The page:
by BCtruck – subscribe to his YouTube channel for great do-it -yourself projects.
I’m a firm believer in redundancy or the old adage,” one is none and two is one”. Over the last few months, I’ve put a lot of time and effort into experimenting with different methods of boiling water and cooking off grid. While I haven’t tested them all by any means, I’ve tested several and I have come to some interesting conclusions. Who knows, maybe my experiments will save you some time or perhaps cause you to reconsider an option for cooking that you have put in your preps, that might not work as good as you thought.
To begin, I’ll break the methods down into what each type of cooking uses for fuel.
- compressed gas
Solar is the easiest to address. I’ve built and cooked with a solar oven. They typically take several hours and some monitoring and repositioning, but they work well and are easy to build, and not terribly expensive to buy. I’ve even got water to boil in the one I made.Here is a picture of mine, before I made reflectors for it.
It worked fairly well like this, but when I made reflectors and found the optimal angle to attach them at, my internal temps went way past 300 degrees.
Fire is the next type of fuel I’d like to discuss. Of course, you can just light a fire and use that to cook over. It worked for our ancestors and still works today. However, the type of fire I’ve become confident in for its survival applications is fire that burns hot enough to both create woodgas, in a device designed to take advantage of that woodgas and burn it off before it exhausts from the device. Those are a rockets stoves and woodgas stoves. The next two pictures are of a rocket stove I built and gave away at prepper stock and the woodgas stoves were also built by me to be given away as prizes at the same gathering the next year.
These can be purchased (I don’t mean from me) if you don’t have a shop or aren’t handy with tools. In fact, they make some very nice rocket stoves and woodgas stoves commercially and I’ve tried the ones silverfire makes and while they are a bit pricey, they are extremely well made and I see no reason they wouldn’t last a very long time.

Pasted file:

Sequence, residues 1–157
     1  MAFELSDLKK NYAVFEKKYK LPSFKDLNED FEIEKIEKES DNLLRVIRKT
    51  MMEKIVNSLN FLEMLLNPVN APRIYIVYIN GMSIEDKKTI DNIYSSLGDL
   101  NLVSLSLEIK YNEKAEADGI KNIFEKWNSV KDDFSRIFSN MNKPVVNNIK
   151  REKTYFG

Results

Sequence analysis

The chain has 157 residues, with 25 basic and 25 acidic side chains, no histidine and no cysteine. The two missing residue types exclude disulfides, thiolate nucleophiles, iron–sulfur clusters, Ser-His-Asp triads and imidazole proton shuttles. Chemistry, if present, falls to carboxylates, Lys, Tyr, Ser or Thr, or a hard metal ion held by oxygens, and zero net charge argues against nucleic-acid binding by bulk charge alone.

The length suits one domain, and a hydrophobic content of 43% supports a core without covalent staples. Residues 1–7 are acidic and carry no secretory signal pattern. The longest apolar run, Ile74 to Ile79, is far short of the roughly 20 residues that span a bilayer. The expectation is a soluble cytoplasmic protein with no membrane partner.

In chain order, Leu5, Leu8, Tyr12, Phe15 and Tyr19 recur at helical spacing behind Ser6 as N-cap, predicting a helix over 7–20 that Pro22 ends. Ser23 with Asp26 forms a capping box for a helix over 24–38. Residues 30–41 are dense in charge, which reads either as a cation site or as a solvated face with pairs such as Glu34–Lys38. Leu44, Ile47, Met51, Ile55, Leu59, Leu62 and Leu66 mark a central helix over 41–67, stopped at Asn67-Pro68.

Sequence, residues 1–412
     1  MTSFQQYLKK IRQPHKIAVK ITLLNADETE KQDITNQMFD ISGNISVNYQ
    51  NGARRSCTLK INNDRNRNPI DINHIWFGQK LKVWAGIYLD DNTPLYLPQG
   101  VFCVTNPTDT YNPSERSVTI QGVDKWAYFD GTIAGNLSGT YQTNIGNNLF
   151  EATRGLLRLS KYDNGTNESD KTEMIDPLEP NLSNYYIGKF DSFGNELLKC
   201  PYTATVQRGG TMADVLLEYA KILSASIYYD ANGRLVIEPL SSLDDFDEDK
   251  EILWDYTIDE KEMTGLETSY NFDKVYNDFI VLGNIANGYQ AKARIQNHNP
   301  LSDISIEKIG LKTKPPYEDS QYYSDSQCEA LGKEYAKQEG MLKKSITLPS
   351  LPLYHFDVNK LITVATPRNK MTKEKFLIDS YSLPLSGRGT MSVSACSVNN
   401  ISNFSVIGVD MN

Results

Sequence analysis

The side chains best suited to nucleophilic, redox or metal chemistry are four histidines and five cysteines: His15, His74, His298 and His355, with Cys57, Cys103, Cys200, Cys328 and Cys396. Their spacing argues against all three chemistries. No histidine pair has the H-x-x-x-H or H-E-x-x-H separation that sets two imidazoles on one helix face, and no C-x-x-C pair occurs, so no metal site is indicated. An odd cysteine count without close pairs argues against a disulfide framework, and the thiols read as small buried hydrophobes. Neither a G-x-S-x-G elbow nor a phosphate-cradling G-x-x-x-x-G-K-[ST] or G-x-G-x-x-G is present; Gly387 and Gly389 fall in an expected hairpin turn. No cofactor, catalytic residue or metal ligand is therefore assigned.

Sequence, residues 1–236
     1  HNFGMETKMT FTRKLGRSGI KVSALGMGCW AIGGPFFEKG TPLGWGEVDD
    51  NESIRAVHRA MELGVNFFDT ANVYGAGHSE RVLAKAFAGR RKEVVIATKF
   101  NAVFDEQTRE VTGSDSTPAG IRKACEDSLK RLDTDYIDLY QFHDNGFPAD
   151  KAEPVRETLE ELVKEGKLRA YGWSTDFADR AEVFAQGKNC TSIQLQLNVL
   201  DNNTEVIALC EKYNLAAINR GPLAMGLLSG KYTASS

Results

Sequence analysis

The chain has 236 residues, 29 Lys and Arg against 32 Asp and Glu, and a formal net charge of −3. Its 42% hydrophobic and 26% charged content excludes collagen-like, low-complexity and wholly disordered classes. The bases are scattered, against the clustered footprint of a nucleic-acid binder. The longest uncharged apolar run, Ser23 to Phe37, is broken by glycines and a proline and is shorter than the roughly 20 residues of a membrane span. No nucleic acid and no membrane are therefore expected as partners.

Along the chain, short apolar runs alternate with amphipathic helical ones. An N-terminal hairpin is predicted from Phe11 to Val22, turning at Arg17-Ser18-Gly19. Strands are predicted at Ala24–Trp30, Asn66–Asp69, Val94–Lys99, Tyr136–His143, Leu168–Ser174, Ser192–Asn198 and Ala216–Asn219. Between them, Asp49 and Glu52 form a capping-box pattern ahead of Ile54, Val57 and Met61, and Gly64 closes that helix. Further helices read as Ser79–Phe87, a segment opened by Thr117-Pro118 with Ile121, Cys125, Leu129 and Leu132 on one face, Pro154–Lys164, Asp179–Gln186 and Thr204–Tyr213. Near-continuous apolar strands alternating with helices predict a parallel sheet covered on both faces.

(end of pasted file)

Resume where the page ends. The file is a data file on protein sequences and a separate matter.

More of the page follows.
Rocket stoves and woodgas stoves may both use the same means of achieving extreme temperatures very quickly. By creating woodgas and using up that woodgas in a complete combustion, before it exits the stove as smoke. This is why a properly burning stove like either of these produces such extremely low emissions. Both the rocket and woodgas stove can boil larger volumes of water very quickly and I’ve cooked some really great meals over each of them. While they both need to fed with biomass (wood, dung, pine straw, grass, leaves) the woodgas stove isnt quite as convenient to feed as the rocket stove, because the pot needs to be lifted in order to do that. In a complete grid down, SHTF scenario, my choice would be a rocket stove for long-term survival.
Next, I’d like to discuss compressed gas stoves and tell you about some interesting findings. A one pound bottle of propane contains roughly 22,000 BTU’s of energy. I have had a small two burner propane stove that runs on a one pounder, for about 20 years. I’ve used it hundreds of times for cooking and a few times for emergency heat in a small room. This stove even made a few trips to bike week with my wife and I. Though I have used it many times, I had never given much thought to just how well it would serve in a grid down scenario. While I was experimenting with candle cooking, I decided to get the stove out and hook it up to a brand new bottle and answer a couple of questions. How long would it last on one bottle and how long does it take to boil two cups of water. The water boil test was what I expected. It boiled two cups of water in about 4 minutes, with the burner on its highest setting. I decided to leave that burner running at its highest setting and see how long a one pound tank would last. Five long boring hours later, it was still going. It was going well enough to even use for cooking though I doubt at that point it was enough flame to boil water. I gave up watching it, but I would feel comfortable saying you would get at least five hours from a tank.
Let’s do some math. Now I admit up front, my methodological skills are sorely lacking, but here goes. A one pound tank containing 22,000 BTU’s, will run a single burner at its highest setting for five hours. So, a twenty-pound tank containing 430,000 BTU,s would theoretically run a single burner at its highest setting, for roughly 95 hours!! That’s a lot of cooking right there! There are a couple things I would like to add to this before we jump back into picture mode. The little propane stove can be run on a twenty pound tank, using a special hose (see picture), or the one pound tank can be refilled, using an adapter, from the twenty pound tank.(see picture). The stove is about 30 bucks on amazon, the hose is about 25 and the adapter to refill the one pounder is about 12 bucks. Let me just say that this is my “go to” preferred method of off-grid cooking for shorter term emergencies. You know, emergencies that you could see ending in a few months and life returning to a more normal state. I currently have 42 of the one pound tanks and so much propane in larger tanks that I don’t even want to give a number. I will say, I think I could easily go 4-5 years on propane using it carefully and not being wasteful. Now for some pics and thanks for taking the time to read this article.